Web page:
The Oak Hill Academy in Mouth of Wilson, Va., defeated the Wasatch Academy in a blow-out, 91-49. Bunch had 13 points, two rebounds and three blocks in this encounter.

Syracuse commit Chris Bunch (@_chrisbunch) getting it done on both ends for Wasatch Academy @WATigersBB l @NIBCOfficial l @PaulBiancardi

(DBR; King)

In Tuesday’s ACC Action, Syracuse thumped Pitt 77-61 and Florida State nipped Miami, 65-64.

One striking difference between Miami and Florida State was minutes played: all of Miami’s starters played at least 34 minutes. Only one Seminole played more than 30.

Charlie Moore, who gave Duke fits Saturday, followed that with an 8-12 performance. Isaiah Wong was just 4-12 though and Kameron McGusty just 6-14.

Despite all of that, Miami was right there at the end. Moore hit a three to give the ‘Canes the lead with :07 left but then he fouled RayQuan Evans as time expired and Evans hit his free throws to seal the win.

It was Florida State’s eighth straight win over the Hurricanes and also snaps a nine-game winning streak.

Syracuse got back to .500 with the win over Pitt. For anyone who remembers the glory days for Jim Boeheim’s program, that’s such a bizarre thing to say.




The opening minutes at Meier's Creek at the Inner Harbor. The doors opened at 4 p.m. Thursday. An hour later, 43 customers roamed the bar. (Charlie Miller |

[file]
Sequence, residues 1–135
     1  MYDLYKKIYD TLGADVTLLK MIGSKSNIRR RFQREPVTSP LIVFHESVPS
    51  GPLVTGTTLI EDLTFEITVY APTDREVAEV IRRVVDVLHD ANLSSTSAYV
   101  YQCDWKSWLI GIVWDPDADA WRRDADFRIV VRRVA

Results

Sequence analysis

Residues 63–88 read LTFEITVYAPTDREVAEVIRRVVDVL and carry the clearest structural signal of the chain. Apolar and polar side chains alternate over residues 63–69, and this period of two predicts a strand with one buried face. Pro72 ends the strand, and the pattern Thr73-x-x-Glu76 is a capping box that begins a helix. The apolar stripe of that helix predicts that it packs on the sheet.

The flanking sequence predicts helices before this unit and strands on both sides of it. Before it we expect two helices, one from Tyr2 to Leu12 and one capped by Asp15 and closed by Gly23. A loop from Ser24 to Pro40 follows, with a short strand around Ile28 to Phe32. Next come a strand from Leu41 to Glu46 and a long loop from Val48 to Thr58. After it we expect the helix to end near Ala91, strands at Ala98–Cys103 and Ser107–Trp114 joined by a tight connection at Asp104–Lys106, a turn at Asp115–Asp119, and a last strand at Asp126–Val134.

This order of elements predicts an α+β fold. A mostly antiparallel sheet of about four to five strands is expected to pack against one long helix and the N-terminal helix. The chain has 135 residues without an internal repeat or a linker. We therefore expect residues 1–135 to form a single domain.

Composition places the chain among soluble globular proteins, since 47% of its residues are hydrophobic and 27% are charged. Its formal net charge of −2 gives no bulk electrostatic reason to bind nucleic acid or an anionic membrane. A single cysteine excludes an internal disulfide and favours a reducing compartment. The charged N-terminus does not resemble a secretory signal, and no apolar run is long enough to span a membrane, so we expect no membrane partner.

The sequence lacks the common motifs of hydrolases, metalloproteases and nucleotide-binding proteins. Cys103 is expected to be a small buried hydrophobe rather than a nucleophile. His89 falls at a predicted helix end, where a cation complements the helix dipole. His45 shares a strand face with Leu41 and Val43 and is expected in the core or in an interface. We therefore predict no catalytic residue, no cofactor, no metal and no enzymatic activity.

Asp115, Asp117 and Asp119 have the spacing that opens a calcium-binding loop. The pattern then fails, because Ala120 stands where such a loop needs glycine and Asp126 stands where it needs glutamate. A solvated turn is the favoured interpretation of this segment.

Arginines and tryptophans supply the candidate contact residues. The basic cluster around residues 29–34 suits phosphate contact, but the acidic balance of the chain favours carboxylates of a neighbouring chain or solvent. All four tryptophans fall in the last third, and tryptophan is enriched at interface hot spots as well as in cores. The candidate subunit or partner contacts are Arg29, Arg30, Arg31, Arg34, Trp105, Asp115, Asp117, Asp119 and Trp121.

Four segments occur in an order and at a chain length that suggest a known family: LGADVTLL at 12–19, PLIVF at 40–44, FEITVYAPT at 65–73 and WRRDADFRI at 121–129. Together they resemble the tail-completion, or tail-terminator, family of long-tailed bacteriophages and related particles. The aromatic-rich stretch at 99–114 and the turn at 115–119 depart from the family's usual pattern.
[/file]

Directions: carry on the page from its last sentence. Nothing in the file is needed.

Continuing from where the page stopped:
First Look: Grab a locally brewed beer to go with your artisan pizza at this new Inner Harbor taproom (PS; $; Miller)

The silent opening for the Meier’s Creek Brewing Co. taproom in the city’s Inner Harbor was supposed to begin at 4 p.m. last Wednesday. The bartenders finally could describe the 16 beers they’d be pouring from the taps. The pots and pans had just arrived in the kitchen, and they still had their UPC codes stuck to the bottom.

The only problem was Jordan Pollock, the director of brewing operations and sales for the Cazenovia-based brewery, still hadn’t received the bar’s liquor license. The company submitted the application to New York State on Sept. 13.

“Good thing we didn’t promote it. We’re just going to open the doors without telling anyone about it. If people show up, great,” he said last week as the door remained locked. “We’re so ready for this.”

Just about 24 hours later, the state’s green light finally turned on, and Kyle Schirtz, the restaurant’s general manager, opened the door. Within an hour, 48 customers sat at the bar that stretches 100 linear feet. The inside capacity is 95. All the while, Kyle and his staff were unloading bottles of wine and liquor that had just arrived.

“People probably say opening in January is a bad idea, but we’re working the kinks out,” Kyle said. “That’s what this first week is. We’re learning. We’re teaching.”

Servers asked patrons the types of beer they normally drink so they could offer an informed recommendation. This tasting room offers beers made 22 miles away at the Meier’s Creek brewhouse on Route 13 in Cazenovia, along with an abbreviated version of its food menu. The new locations occupies 4,000 square feet on Van Rensselaer Street in the retail section of Iron Pier Apartments.